Many researchers predict that our daily lives will be peppered with connected devices not too far in the future. But for this to actually become a reality, engineers and product designers will have to restructure the way they work together to build successful connected personal devices. This evolution will be difficult for many companies to achieve because most fail to recognize the value of design in connected product development. As companies that rushed to exploit the IoT wave learned, fancy technology isn’t enough to draw potential users. Product design will be crucial in getting consumers to adopt new offerings and the pull of good user experience will dictate market demand.
The fundamental principle when you work with connected devices is that the end product is not IoT. The IoT is not a TV, a wearable device or a mobile phone. Customers aren’t buying IoT. In fact, far too many people seem unaware of what IoT is. The rationale for customer purchase can never just be IoT connectivity, although the technology can be used to enhance a product’s value. IoT companies with B2B2C distribution channels and traditional B2B business models rather than addressing the pull of customer needs and tastes have been pushing IoT technology. This happens when both management and engineering value product function more highly than effective design. The below points should help you make sure you're not making the same mistakes.
Nail down a clear problem statement. Every new product is meant to address some problem or opportunity, but often they aren’t really successful in addressing those issues. Problem statements must assess value to the customer. Ask yourself why each feature will matter to your targeted user, the impact it will have and what your potential users will be willing to pay for it. If your engineers and team leads cannot nail down a clear problem and keep floundering, you do not have a viable product.
You likely have a lead systems person in your development team who knows the technology stack, but for an IoT offering, the lead must also possess an understanding of the user and their experience. And find a new lead if your systems lead does not appreciate how design delivers those insights.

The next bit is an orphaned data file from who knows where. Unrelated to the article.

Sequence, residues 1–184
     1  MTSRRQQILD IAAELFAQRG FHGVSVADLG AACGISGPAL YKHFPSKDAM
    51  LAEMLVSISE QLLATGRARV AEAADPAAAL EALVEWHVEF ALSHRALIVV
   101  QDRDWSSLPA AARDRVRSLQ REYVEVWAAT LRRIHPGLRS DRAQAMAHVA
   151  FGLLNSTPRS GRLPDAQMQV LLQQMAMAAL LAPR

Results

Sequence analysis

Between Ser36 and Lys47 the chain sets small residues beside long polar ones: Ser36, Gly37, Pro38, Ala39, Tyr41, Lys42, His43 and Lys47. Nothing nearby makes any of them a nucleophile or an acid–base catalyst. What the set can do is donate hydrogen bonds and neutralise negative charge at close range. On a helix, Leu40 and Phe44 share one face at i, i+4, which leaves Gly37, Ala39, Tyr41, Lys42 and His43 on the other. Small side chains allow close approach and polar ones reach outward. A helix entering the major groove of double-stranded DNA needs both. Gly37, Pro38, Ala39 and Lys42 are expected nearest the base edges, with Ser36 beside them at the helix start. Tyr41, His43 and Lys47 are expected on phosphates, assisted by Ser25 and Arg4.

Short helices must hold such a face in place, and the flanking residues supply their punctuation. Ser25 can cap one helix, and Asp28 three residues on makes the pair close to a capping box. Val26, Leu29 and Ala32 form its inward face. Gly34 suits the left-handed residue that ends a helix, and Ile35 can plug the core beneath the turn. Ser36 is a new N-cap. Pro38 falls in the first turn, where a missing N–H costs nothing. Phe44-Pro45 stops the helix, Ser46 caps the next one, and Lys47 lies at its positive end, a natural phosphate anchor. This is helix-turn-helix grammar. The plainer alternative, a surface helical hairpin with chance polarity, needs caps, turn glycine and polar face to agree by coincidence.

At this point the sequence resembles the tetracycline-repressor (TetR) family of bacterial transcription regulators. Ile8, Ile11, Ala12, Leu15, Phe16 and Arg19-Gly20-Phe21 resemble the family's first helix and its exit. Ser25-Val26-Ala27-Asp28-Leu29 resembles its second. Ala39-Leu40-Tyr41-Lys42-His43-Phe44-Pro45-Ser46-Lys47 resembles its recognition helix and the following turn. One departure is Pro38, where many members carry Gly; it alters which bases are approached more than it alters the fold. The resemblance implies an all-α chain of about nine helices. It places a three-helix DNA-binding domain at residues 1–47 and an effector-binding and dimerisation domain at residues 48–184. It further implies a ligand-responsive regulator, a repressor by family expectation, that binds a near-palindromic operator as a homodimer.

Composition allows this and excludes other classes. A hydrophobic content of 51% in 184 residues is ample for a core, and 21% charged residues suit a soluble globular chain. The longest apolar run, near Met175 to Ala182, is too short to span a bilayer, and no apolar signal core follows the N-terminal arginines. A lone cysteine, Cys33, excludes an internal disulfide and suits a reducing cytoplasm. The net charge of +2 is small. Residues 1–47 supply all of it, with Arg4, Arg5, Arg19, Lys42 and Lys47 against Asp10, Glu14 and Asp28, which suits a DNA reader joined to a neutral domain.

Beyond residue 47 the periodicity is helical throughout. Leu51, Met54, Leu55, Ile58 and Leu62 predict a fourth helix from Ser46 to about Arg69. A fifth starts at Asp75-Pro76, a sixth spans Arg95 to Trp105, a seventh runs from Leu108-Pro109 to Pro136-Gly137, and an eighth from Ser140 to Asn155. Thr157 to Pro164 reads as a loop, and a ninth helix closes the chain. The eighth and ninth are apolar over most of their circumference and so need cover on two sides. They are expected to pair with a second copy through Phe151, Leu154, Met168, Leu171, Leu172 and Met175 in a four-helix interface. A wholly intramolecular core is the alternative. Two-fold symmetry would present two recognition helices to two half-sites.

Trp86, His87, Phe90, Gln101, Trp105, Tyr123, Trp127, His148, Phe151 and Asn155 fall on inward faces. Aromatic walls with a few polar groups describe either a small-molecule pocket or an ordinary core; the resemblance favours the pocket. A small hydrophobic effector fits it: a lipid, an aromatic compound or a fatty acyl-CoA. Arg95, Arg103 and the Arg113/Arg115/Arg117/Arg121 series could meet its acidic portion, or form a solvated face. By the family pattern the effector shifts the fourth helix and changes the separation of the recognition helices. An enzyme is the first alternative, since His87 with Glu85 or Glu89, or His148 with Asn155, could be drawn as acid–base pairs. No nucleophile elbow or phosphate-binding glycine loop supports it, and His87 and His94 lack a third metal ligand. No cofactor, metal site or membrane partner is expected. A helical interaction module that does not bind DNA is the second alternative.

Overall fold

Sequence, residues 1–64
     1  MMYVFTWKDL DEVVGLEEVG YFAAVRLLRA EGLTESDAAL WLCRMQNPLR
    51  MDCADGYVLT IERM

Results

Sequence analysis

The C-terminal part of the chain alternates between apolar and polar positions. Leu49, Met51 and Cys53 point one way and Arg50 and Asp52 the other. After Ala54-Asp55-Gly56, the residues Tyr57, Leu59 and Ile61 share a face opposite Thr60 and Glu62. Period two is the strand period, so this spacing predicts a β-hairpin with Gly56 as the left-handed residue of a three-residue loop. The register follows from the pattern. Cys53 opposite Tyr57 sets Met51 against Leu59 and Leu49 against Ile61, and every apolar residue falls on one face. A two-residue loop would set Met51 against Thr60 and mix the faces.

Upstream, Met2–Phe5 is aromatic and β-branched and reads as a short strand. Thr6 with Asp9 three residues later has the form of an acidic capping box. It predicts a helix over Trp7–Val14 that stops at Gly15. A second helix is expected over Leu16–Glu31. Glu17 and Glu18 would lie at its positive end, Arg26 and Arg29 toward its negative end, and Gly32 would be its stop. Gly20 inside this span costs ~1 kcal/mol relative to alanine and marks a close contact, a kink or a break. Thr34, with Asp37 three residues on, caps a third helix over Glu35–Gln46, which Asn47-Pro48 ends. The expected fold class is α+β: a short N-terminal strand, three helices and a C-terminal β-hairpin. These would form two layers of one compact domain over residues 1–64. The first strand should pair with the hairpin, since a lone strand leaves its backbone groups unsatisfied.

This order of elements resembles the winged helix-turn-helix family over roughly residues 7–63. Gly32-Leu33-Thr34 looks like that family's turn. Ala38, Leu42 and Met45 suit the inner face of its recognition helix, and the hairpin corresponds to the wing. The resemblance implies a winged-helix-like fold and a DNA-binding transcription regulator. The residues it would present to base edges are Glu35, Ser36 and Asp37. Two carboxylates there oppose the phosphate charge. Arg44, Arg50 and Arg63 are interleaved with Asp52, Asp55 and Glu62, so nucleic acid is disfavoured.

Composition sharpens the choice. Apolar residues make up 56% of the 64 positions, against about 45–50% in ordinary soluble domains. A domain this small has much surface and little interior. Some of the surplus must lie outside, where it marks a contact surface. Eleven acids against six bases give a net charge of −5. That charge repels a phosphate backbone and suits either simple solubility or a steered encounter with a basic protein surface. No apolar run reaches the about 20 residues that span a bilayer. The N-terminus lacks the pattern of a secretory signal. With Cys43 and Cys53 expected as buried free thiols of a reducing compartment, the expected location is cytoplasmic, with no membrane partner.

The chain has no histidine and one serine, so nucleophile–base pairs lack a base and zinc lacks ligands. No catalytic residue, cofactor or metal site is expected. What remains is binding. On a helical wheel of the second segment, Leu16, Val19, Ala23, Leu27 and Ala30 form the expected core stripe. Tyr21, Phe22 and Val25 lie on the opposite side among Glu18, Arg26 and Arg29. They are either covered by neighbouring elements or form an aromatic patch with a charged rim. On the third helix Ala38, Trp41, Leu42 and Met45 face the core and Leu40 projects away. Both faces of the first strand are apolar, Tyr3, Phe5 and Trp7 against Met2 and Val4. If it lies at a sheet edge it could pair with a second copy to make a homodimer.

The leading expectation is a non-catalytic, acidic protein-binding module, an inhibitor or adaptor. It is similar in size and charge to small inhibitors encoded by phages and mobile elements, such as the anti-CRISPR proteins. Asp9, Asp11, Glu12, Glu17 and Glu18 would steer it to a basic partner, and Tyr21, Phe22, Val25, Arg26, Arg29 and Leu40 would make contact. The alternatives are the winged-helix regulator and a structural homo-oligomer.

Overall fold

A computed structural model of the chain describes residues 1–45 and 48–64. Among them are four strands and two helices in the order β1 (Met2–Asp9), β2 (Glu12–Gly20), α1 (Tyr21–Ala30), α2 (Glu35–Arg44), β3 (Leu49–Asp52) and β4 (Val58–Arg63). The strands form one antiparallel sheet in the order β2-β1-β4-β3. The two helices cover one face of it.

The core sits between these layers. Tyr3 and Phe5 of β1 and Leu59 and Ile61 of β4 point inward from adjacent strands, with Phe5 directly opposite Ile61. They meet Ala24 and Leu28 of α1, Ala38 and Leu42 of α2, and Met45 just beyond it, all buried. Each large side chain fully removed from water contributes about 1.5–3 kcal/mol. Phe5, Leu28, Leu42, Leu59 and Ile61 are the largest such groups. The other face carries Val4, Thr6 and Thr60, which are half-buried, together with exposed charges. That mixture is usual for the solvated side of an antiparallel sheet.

IoT also demands a design approach that's technology-aware. Product experience now includes adapting to other products, upgrades, big data, and personalization. Designers must work closely with developers to understand what’s necessary and what’s possible in the design of the customer experience. In a nutshell, make sure both the technology team and the design team isn’t working in isolation.
Users today demand simple solutions to everyday problems. Any kind of friction in the user experience, even when its something as mundane as changing batteries might be enough reason for users to stop using a product, which spells death for an IoT offering. Designers and technologist must handle IoT development with a less is more mandate. An IoT product jammed with features will fast lose user-friendliness, thanks to the already complex technology behind it. Cutting out the frills isn't always easy, but it will eventually save you from an overly complex interface and a bad user experience. Why make tying a tie any more difficult than it has to be?
Use the power of routine to increase the chances of your product quickly becoming a part of your user's daily lives. Offering a product different from everything your users are used to is always risky. It’s easier to sneak into their routines by automating a task they’re already performing. An important consideration while building an IoT product should be paying attention to how much it fades into our present landscape. Should aim for stealth instead of flash with your product’s hardware.
It can be overwhelming to use an IoT product for the first time, especially for the not so tech-savvy users. So make sure your onboarding process is designed keeping technically-handicapped users in mind.
IoT is a beautiful blend of software and hardware, yet very few engineers have the ability and vision to build a harmonious union of the two. This IoT wave will require a new partnership between the ones who understand and integrate the technology and those who understand and advocate for the user. If you’re unsure and have questions regarding the power of smart technologies, don’t hesitate to ping us. While we might not have all the answers necessary to help you build the next flying car, we can propel your vision toward a more prosperous and connected future.